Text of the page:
Top Third Base Prospects 2021 (www.mlb.com)

MLB Pipeline will reveal its 2021 Top 100 Prospects list on Friday, Jan. 29. Leading up to the release of the Top 100, we’ll examine baseball’s top 10 prospects at each position.
Though there has been very little turnover from last year’s Top 10 3B Prospects list, with eight players

MLB Pipeline will reveal its 2021 Top 100 Prospects list on Friday, Jan. 29. Leading up to the release of the Top 100, we’ll examine baseball’s top 10 prospects at each position.

Though there has been very little turnover from

, with eight players making a second consecutive appearance, there is a new name at No. 1 in Spencer Torkelson, the 2020 Draft’s No. 1 overall pick.

One of eight former first-round picks on this year’s top 10, Torkelson supplants Alec Bohm (Phillies) atop the list after the latter exhausted his prospect status en route to a runner-up finish in the 2020 National League Rookie of the Year Award race. The Tigers are the only organization to place multiple players on this year’s Top 10, with fellow newcomer Isaac Paredes joining Torkelson on the list.

Far from a new face, Ke’Bryan Hayes (Pirates) should see his run of five years as a top third-base prospect end in 2021 with his likely graduation to the Majors. In doing so, he will pass the torch to Nolan Jones (Indians), Nolan Gorman (Cardinals) and Jonathan India (Reds), all of whom appear on the list for a third straight season.

The Top 10 (ETA)
1) Spencer Torkelson, Tigers (2022)
2) Ke’Bryan Hayes, Pirates (2021)
3) Nolan Jones, Indians (2021)
4) Nolan Gorman, Cardinals (2022)
5) Josh Jung, Rangers (2021)
6) Bobby Dalbec, Red Sox (2021)
7) Brett Baty, Mets (2022)
8) Kody Hoese, Dodgers (2022)
9) Jonathan India, Reds (2021)
10) Isaac Paredes, Tigers (2021)
Complete List »

Top Tools

Hit: Torkelson, Hayes, Jung (60)
Torkelson produced a .337 average at Arizona State and batted .340 in the prestigious Cape Cod League. Jung posted a .316 average while reaching Class A Hickory during his 2019 pro debut after batting .348 during his three-year stay at Texas Tech. Hayes raked at a .376 clip and recorded a 55.4 percent hard-hit rate with an average exit velocity of 92.8 mph in 24 big league games last season.

Power: Torkelson (70)
A combination of physical strength and bat speed allows Torkelson to generate massive power from line to line including elite raw power to his pull side. He showed that he could get to that power when he hit 25 home runs to shatter Barry Bonds’ ASU freshman record and then led the Pac-12 in home runs (23) as a sophomore. Overall, Torkelson went deep 54 times in 129 college games.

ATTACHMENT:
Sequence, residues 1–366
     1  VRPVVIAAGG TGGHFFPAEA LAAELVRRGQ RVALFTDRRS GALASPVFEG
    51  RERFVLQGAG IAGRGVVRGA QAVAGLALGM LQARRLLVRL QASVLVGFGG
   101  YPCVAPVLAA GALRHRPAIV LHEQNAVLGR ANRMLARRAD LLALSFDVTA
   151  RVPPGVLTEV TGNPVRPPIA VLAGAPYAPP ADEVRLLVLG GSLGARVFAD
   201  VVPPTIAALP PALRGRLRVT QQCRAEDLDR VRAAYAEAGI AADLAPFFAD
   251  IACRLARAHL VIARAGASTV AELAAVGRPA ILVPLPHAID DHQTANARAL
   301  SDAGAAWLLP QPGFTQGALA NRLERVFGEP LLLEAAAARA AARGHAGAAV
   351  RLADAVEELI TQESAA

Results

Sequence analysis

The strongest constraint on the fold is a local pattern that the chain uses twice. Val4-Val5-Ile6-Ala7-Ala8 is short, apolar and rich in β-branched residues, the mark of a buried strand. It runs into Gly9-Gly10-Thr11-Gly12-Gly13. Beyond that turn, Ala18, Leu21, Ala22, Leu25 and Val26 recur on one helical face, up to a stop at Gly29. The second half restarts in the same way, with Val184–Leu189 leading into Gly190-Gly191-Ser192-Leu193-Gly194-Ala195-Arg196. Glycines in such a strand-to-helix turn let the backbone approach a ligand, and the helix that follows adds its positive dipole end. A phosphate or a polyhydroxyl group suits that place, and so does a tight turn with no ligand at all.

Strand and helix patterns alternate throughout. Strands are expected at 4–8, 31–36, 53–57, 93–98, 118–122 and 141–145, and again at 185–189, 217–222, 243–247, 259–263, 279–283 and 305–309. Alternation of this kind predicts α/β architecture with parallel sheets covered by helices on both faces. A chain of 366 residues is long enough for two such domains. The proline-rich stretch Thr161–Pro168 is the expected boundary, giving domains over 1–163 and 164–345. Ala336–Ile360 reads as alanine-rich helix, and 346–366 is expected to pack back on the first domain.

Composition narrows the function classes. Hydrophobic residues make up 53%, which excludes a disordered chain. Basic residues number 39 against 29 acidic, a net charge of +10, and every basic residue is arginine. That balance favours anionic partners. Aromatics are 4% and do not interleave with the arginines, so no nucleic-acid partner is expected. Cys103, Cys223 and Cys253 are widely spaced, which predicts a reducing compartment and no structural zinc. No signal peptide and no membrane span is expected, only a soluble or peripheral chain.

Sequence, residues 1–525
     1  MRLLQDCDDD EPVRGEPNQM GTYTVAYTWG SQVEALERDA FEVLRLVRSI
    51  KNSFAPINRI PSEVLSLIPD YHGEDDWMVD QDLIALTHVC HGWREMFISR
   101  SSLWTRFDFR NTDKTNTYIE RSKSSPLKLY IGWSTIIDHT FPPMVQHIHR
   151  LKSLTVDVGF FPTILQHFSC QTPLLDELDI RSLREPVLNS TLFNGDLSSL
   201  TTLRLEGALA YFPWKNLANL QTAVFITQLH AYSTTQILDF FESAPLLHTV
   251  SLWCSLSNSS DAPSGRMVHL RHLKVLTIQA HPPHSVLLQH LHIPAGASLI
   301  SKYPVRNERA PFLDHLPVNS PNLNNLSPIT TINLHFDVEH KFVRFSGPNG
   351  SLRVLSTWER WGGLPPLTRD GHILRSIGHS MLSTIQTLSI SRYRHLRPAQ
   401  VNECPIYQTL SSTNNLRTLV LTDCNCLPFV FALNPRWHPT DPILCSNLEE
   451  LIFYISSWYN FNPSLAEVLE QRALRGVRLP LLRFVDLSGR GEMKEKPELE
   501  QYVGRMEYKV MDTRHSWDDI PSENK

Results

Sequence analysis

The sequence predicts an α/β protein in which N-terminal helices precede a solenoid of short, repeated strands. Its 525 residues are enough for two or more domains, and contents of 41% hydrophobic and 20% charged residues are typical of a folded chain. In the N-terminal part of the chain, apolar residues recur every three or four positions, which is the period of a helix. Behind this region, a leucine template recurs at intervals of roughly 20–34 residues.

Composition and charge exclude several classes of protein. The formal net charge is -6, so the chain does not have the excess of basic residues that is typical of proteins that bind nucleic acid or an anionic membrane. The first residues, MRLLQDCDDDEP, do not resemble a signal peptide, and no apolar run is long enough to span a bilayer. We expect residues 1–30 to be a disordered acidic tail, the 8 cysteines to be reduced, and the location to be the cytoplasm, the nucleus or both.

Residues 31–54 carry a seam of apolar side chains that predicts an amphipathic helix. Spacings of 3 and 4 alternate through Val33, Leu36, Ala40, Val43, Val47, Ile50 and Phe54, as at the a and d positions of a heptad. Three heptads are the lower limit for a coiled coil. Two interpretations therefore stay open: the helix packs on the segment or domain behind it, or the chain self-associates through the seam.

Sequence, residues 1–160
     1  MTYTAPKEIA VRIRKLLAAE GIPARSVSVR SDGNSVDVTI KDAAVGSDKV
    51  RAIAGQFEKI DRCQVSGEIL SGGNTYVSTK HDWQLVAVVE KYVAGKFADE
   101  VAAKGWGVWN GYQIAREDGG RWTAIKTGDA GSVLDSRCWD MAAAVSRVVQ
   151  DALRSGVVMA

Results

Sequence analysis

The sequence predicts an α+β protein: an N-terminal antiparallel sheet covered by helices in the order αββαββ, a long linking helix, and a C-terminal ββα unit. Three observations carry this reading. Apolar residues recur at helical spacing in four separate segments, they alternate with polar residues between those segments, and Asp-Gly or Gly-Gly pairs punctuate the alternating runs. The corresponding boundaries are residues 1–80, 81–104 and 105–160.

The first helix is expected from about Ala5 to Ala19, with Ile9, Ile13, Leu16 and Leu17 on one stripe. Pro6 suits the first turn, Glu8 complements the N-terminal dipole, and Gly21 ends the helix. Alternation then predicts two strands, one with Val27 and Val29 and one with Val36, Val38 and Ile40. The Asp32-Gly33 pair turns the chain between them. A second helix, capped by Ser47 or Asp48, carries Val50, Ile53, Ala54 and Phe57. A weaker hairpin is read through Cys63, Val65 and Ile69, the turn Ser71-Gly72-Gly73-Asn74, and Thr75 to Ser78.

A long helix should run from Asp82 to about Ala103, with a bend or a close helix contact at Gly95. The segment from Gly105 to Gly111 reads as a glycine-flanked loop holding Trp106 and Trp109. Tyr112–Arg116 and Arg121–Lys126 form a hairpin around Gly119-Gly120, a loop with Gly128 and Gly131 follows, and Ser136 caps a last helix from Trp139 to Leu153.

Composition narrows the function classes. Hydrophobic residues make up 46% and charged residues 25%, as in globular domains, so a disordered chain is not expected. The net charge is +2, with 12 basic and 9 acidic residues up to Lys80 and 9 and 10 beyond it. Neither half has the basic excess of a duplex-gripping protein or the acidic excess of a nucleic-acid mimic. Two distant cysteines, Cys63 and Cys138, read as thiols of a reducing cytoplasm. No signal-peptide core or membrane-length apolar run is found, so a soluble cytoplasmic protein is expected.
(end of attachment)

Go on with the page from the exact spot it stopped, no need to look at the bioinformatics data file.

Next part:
Run: Hayes (60)
Hayes has gotten faster as he’s matured, improving his speed from average to plus. He ranked in the top 21 percent of all Major Leaguers in sprint speed last season after recording double-digit steals in three straight Minor League campaigns (2017-19).

Arm: Dalbec (70)
The plus-plus arm that Dalbec used to deliver low-90s fastballs and effective sliders in college serves him well on the infield.

Field: Hayes (75)
Recently named to his third straight MLB Pipeline All-Defense Team, Hayes is a three-time MiLB Rawlings Gold Glove Award winner who committed just 17 errors in 331 Minor League games en route to the Majors, where he tied for fourth among MLB third basemen with three outs above average despite playing in only 24 games.

Superlatives

Highest ceiling: Torkelson
Torkelson’s hitting ability and power could make him one of the sport’s premier offensive players in his prime, giving him the potential to hit in the middle of a big league lineup for years to come.

Highest floor: Hayes
Hayes is a safe bet to make positive contributions as a nearly elite defender who can also impact games using his bat, power and speed.

Rookie of the Year candidate: Hayes
After a sixth-place finish in last year’s NL Rookie of the Year Award race, Hayes is an early favorite to take home top honors in 2021 as a potential across-the-board contributor.

Highest riser: Dalbec
The 2016 fourth-round pick hit eight homers in his first 80 Major League at-bats in ’20, finishing the year ranked as MLB Pipeline’s No. 100 prospect.

Humblest beginning: Paredes
All eight first rounders on this year’s list signed for seven figures, while Dalbec received an over-slot bonus of $650,000 as a fourth-round pick. Paredes, on the other hand, was signed by the Cubs for $500,000 out of Mexico in July 2015 and didn’t blossom as a prospect until he was traded to the Tigers two years later.

Most to prove: Paredes
Paredes scuffled in his first big league exposure, batting .220 with a .568 OPS in 34 games after making his debut on Aug. 17 at age 21. He showed that he could hit fastballs well but struggled against good secondary pitches, posting a .107 average on breaking balls.

Keep an eye on: Jordan Walker, Cardinals
Walker showed some of the best power in the 2020 Draft before the Cardinals selected him 21st overall and signed him for $2.9 million. He should have no trouble getting to it in the pro ranks, thanks to his easy bat speed and the tremendous leverage and projectable strength in his 6-foot-5 frame.

Mike Rosenbaum is a reporter for MLB.com. Follow him on Twitter at @GoldenSombrero.



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